It is not only about chlothianidin.  It is not merely about boscalid.  According to Gertzberg, over 1,200 active ingredients are distributed among 18,000 products nationwide and are now integral to the honey bees’ landscape.  The complexity of the demise of the bees lies in the synergisms between these chemicals.

Accounting for his Losses in Colorado: A Honey Farmer Looks to Neonicotinoids

According to Tom Theobald, a Boulder Colorado bee keeper, chlothianidin is causing the decline of bee colonies. How and when did the bees get poisoned?

“These neonicotinoids are huge.  This is the insecticidal equivalent of plutonium,” said Tom Theobald, in a phone interview on October 26, 2011.  In my last blog post, I asked whether chlothianidin was responsible for CCD.  To some, to Tom Theobald, there is no doubt.

Long before CCD became a national story in 2006, Tom Theobald had been experiencing unusual losses among his honey bee colonies.  As early as the winter of 1995, with the appearance of the varroa mites, the Colorado bee keeper’s colonies had suffered serious declines, their hives being abandoned, teeming with honey that other bees failed to forage.  The varroa mite was considered the culprit at the time.  As its impact diminished, the winter losses, however, continued to escalate.  This escalation coincided, in Theobald’s view, with the introduction of the pesticide Imidachloprid.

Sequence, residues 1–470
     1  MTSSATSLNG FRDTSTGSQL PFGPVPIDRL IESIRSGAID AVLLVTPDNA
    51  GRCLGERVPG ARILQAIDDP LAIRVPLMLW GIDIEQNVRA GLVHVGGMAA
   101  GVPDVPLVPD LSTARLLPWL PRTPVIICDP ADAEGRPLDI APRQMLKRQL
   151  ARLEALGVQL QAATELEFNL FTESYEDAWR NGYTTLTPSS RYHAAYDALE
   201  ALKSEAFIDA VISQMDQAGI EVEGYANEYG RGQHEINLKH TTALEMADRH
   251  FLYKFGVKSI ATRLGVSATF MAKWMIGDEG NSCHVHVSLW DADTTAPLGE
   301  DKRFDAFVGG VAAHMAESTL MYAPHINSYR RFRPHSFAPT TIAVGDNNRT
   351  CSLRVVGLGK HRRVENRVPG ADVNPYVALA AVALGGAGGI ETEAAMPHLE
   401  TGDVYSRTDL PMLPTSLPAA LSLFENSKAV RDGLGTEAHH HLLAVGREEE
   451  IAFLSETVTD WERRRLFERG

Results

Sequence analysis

Imidacloprid, first registered for use in the US by the EPA in 1994 and banned in France  since 2004, in Germany and Italy since 2008 , is a neonicotinoid that systematically penetrates the plant and is used to control sucking and chewing insects.  It penetrates the insect’s nervous system, blocking its neural pathway that, in insects, is more abundant than in warm-blooded animals.  The insect that sucks on the treated crop will become paralysed and die.  Imidacloprid is in fact known to be highly toxic to bees.   In 2003, when its patent ran out, it was replaced by another neonicotinoid, chlothianidin.

On his Colorado honey farm, Tom Theobald set out like Sherlock Holmes to try to explore the mystery of his disappearing bees.   His colonies had ended the summer strong: “the brood nest was the size of a basketball.”  Yet somehow, by October, the brood nest had suffered a precipitous decline in size – “it had become the size of a softball.”  The colony of 30,000 bees had declined to 3,000.  Puzzled by this decline and given the absence of varroa mites, he figured that the queen must have either stopped laying, stopped laying viable brood, or that the larvae were dying.  This period in the fall, when the colony is producing the winter brood, is a crucial one: there must be a critical mass of bees to protect the colony, to serve as the outer layer, the “sacrificial blanket” as it were of the hive that keeps the dormant bees warm throughout the cold winter months.  With the break in the brood cycle, there was no winter layer and the colonies simply collapsed.